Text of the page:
Deutsche Bank Whistleblower Spills The Beans On The Beancounters
Deutsche Bank shitcanned its own internal compliance reports to disappear suspicious Trump and Kushner transactions and make sure Treasury never got wind of them? You mean the bank that continued to make loans to Trump after every other lender tapped out, that accepted his overnight doubling of his "net worth" by claiming his brand was worth $4 billion, that continued to write him checks after he defaulted and then sued them claiming the 2008 financial crisis was an "act of God?" Those prudent beancounters cut corners to benefit their wealthy clients? FAM, WE ARE SHOOK.
No, not really. It would be shocking to find out that the private wealth managers let algorithms work their magic on high net worth individuals and turned the reports over to Treasury like they would for some guy making $75,000 who got a $19,000 wire from the Isle of Man. The rules for rich people are different, and Deutsche Bank did not get to be part of the "Global Laundromat" by taking all those anti-money laundering statutes literally. (And if you think the other big banks aren't doing the exact same thing, the Easter Bunny has a bridge to sell you. This is why Elizabeth Warren freaks the finance guys out -- she knows where all the bodies are buried.)
At the same time, this story in the New York Times about Deutsche Bank compliance officer Tammy McFadden getting fired for pointing out Trump and Kush's hinky transactions in 2016 -- including some with Russians, natch -- is pretty ridiculous. With regulators on two continents breathing down their necks for laundering Russian money, DB's private wealth bankers were allowed to swoop in and save their clients from any of that icky federal snooping into their questionable transactions.
Ms. McFadden, a longtime anti-money laundering specialist in Deutsche Bank's Jacksonville office, said she had reviewed the transactions and found that money had moved from Kushner Companies to Russian individuals. She concluded that the transactions should be reported to the government — in part because federal regulators had ordered Deutsche Bank, which had been caught laundering billions of dollars for Russians, to toughen its scrutiny of potentially illegal transactions.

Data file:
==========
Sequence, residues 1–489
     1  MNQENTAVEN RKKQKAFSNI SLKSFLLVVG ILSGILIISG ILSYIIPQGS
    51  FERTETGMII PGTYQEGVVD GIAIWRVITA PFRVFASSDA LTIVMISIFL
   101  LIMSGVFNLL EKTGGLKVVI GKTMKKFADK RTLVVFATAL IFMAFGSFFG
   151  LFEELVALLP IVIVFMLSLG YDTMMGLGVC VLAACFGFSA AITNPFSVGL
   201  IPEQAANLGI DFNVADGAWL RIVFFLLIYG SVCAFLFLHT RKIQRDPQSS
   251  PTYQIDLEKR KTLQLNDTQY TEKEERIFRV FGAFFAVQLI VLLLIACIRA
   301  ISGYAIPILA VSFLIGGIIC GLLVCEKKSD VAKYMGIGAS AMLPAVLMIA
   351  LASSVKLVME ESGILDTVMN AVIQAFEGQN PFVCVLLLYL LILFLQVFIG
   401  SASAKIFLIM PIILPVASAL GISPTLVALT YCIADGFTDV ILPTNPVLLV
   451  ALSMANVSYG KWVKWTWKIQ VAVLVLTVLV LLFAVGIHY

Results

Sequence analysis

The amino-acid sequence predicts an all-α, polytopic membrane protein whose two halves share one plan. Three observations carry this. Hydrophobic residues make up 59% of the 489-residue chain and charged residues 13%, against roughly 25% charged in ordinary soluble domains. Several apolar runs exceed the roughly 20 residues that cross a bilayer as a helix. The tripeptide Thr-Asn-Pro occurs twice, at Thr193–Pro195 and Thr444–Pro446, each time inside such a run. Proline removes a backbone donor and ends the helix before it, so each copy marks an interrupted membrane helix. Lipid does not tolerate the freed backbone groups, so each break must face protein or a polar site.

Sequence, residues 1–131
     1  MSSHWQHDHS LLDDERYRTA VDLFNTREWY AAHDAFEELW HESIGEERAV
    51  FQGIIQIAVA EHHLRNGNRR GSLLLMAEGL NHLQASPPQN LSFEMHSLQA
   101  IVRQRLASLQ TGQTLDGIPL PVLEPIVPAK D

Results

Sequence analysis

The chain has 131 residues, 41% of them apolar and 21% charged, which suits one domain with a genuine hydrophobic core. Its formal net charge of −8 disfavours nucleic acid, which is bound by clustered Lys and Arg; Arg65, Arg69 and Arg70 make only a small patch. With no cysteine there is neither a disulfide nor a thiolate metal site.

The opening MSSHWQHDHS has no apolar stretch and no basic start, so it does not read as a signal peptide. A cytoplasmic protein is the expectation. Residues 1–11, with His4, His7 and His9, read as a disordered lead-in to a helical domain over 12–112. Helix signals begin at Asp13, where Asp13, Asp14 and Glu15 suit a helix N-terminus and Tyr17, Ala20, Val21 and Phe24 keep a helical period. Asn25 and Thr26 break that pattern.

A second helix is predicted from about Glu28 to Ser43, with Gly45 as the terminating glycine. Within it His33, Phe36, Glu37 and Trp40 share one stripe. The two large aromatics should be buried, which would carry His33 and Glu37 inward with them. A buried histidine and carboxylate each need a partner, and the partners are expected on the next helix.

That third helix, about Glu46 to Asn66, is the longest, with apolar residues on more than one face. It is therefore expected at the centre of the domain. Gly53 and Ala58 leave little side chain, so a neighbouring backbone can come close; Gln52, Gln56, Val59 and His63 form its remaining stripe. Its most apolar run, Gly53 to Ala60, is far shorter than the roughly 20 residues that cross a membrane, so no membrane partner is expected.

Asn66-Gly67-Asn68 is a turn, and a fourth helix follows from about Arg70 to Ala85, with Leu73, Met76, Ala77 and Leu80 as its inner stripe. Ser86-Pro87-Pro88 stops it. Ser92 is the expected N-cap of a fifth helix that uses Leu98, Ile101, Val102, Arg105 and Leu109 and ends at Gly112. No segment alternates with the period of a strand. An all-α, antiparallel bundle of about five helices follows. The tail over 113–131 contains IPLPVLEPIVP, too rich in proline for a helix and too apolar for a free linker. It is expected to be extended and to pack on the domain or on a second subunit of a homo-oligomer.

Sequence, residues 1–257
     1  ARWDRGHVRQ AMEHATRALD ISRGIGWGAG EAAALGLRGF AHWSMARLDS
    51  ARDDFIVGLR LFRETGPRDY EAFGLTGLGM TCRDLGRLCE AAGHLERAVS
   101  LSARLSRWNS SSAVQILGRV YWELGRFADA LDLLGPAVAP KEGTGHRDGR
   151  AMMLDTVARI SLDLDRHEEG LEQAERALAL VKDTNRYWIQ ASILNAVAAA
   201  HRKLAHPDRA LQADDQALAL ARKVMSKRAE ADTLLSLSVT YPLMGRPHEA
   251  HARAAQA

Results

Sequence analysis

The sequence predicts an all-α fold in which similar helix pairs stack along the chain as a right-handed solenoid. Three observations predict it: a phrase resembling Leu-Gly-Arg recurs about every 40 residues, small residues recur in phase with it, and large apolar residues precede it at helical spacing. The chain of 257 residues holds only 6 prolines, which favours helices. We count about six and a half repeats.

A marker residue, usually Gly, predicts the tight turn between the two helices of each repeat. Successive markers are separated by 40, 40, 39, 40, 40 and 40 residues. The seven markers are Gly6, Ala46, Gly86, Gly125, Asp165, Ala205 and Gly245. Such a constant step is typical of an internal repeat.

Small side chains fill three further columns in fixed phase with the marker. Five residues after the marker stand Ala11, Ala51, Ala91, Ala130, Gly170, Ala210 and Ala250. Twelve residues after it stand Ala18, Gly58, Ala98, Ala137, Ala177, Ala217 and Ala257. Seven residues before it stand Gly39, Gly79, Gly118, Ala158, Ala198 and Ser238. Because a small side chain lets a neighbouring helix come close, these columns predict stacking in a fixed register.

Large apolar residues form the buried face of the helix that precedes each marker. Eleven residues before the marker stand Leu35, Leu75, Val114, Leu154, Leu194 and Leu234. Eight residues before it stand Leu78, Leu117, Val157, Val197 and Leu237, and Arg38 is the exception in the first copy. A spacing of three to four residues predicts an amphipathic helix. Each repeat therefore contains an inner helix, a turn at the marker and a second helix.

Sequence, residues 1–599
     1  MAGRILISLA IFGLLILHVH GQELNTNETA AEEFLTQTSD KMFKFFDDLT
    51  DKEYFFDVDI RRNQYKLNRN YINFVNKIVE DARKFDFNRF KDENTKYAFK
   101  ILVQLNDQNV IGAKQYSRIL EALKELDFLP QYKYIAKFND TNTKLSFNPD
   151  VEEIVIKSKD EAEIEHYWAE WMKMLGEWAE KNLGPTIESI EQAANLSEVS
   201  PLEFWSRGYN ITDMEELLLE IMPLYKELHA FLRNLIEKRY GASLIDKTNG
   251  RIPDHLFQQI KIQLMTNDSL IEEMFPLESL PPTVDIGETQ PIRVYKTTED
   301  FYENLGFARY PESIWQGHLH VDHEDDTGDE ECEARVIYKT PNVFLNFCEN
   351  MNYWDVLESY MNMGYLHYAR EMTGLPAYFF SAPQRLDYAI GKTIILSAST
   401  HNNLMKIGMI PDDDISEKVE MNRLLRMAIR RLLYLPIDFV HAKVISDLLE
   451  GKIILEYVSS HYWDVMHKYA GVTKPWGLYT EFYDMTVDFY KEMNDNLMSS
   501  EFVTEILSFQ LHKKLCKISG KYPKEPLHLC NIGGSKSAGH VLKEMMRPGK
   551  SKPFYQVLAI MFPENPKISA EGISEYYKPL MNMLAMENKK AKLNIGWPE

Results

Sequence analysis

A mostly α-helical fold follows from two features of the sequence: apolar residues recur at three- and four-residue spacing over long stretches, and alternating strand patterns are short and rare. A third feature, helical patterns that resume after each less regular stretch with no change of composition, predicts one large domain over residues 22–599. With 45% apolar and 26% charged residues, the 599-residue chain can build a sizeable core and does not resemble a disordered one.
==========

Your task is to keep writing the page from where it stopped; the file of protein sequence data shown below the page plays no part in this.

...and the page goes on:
Ms. McFadden drafted a suspicious activity report and compiled a small bundle of documents to back up her decision.
Typically, such a report would be reviewed by a team of anti-money laundering experts who are independent of the business line in which the transactions originated — in this case, the private-banking division — according to Ms. McFadden and two former Deutsche Bank managers.
That did not happen with this report. It went to managers in New York who were part of the private bank, which caters to the ultrawealthy. They felt Ms. McFadden's concerns were unfounded and opted not to submit the report to the government, the employees said.
Huh, we were led to believe that the Fake News Media only used unnamed sources who do not exist. And yet here's Ms. McFadden with her name and face on the front page of the Failing New York Times. Go know!